“But racism still profoundly affects our culture, and it has no place in the Christian heart. This evil causes great harm to its victims, and it corrupts the souls of those who harbor racist or prejudicial thoughts.” – Open Wide Our Hearts: The Enduring Call to Love


Pastoral Letter

Open Wide Our Hearts: The Enduring Call to Love

In November 2018, the United States Conference of Catholic Bishops approved a new pastoral letter against racism,  Open Wide Our Hearts: The Enduring Call to Love.

In the letter, the bishops invite all people of faith to conversion. We are called to open our minds and hearts to Christ’s love for all people and to the experiences of those who have been harmed by the evil of racism.

Study Guide

Educational Resources for Combatting Racism

Responding to the Sins of Racism

Open Wide Our Hearts Video

USCCB–CRS Video on the Life and Dignity of the Human Person

Stations of the Cross: Overcoming Racism

Practical Steps For Eradicating Racism: An Invitation

News and Statements

Statement of Pope Francis

On June 2, 2020, Pope Francis spoke at the General Audience about the protests in the United States following the killing of George Floyd, saying we cannot claim to defend the sacredness of every human life while turning a blind eye to racism and exclusion. Read the article here.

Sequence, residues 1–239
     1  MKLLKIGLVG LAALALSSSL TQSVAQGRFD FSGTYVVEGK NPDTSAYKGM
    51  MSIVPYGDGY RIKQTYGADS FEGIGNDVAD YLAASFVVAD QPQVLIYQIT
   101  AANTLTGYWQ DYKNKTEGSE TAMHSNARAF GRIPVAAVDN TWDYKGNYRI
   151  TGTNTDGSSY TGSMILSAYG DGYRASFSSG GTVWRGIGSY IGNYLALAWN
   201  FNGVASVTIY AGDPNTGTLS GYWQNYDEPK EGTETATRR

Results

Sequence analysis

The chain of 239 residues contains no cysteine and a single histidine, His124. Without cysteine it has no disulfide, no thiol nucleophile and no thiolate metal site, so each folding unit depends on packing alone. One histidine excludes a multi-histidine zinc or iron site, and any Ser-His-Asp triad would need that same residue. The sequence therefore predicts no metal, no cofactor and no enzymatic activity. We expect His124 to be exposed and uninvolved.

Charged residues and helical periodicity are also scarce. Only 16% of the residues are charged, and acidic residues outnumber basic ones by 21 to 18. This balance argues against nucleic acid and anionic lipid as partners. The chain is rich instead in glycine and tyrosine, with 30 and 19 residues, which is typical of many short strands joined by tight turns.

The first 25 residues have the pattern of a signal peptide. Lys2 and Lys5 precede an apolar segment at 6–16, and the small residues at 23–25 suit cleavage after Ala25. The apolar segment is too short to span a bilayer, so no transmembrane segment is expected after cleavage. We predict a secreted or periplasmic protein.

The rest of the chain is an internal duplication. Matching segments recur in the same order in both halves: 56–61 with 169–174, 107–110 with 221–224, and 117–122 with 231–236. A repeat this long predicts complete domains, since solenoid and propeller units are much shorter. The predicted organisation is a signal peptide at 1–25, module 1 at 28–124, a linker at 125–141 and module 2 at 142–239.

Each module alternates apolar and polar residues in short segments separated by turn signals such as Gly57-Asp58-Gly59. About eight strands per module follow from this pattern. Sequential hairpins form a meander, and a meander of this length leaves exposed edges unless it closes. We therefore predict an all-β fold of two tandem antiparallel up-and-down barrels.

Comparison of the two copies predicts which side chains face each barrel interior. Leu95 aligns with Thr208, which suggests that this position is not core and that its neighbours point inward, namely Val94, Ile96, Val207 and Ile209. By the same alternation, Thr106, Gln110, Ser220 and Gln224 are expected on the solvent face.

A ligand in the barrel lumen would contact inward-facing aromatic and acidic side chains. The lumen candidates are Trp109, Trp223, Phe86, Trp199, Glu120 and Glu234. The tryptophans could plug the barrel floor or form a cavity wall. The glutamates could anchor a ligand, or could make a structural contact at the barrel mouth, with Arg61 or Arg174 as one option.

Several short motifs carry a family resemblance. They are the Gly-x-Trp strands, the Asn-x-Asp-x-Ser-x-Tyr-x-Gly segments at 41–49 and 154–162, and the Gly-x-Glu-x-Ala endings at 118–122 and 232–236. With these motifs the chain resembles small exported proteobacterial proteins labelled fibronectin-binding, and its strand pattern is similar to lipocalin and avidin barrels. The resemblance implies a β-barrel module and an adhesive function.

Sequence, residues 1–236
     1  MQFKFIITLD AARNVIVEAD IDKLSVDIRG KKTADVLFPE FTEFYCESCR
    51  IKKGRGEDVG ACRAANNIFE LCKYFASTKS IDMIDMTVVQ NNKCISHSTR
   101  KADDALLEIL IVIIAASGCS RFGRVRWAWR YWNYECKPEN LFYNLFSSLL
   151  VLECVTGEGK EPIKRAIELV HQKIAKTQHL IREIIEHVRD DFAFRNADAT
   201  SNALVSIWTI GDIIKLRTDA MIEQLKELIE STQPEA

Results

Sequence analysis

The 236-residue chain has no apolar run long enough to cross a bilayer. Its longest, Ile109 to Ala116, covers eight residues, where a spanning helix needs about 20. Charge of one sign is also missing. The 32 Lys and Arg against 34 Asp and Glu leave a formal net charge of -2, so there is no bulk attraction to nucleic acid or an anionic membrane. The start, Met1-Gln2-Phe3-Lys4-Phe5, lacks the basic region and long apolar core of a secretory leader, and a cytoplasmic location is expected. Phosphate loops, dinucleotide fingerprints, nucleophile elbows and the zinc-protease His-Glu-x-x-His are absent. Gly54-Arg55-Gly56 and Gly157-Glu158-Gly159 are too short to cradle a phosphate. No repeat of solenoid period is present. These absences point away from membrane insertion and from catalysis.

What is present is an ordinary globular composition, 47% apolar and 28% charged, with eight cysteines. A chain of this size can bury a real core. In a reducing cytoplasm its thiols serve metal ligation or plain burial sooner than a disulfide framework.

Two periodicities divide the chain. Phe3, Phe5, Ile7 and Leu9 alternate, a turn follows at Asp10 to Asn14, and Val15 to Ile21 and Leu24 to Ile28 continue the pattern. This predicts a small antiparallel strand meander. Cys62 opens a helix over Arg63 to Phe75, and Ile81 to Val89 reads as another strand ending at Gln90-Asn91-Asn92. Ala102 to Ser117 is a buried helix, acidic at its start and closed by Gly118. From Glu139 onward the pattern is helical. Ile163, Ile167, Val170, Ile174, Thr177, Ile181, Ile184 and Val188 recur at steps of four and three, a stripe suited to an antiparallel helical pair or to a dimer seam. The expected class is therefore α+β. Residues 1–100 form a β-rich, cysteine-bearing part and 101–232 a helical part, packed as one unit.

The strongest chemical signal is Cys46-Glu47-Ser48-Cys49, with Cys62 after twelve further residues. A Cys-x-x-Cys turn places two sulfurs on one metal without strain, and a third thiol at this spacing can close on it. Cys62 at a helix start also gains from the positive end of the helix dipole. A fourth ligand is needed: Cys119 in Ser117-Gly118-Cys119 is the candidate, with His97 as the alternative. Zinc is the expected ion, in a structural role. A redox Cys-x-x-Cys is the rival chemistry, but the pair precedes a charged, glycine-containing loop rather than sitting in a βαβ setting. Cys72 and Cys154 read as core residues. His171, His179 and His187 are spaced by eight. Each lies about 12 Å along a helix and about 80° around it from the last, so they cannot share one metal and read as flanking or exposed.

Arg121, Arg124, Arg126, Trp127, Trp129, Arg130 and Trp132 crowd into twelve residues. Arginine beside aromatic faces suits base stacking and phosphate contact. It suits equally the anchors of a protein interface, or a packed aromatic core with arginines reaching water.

Statement of Archbishop Gustavo Garcia-Siller, M.Sp.S.

Statement of Bishop Shelton Fabre

Bishop Shelton J. Fabre of Houma-Thibodaux, chairman of the Ad Hoc Committee Against Racism, on the Death of George Floyd and the protests which have broken out in Minneapolis and in other cities in the United States. Read the full statement here.

Statement of Texas Catholic Conference Of Bishops

Statement of U.S. Bishop Chairmen

Statement of U.S. Bishops’ President

Day of Prayer for Peace in Our Communities

September 9, Memorial of St. Peter Claver

“We therefore advise [apostolic men] to look, as if into a mirror of apostolic virtue, at the life and works of st. Peter Claver, to whom we have lately added a crown of glory. Let them look at him who for fully forty years gave himself up to minister with the greatest constancy in his labors, to a most miserable assembly of moorish slaves”. Saint Pope Leo XIII, In Plurimis (Encyclical Letter on the Abolition of Slavery), no. 20

September 9th is the Memorial of St. Peter Claver, who ministered to enslaved Africans. St. Peter Claver was a Jesuit priest from Catalonia who served African slaves in Cartagena, Colombia for thirty-eight years. The Feast of St. Peter Claver is an occasion for heightened prayer and action to strive for peace in our communities. To learn more about St. Peter Claver and the resources the United States Conference of Catholic Bishops has developed in connection with this celebration, see:

Questions or Comments?

Director for Life, Justice, Peace & Outreach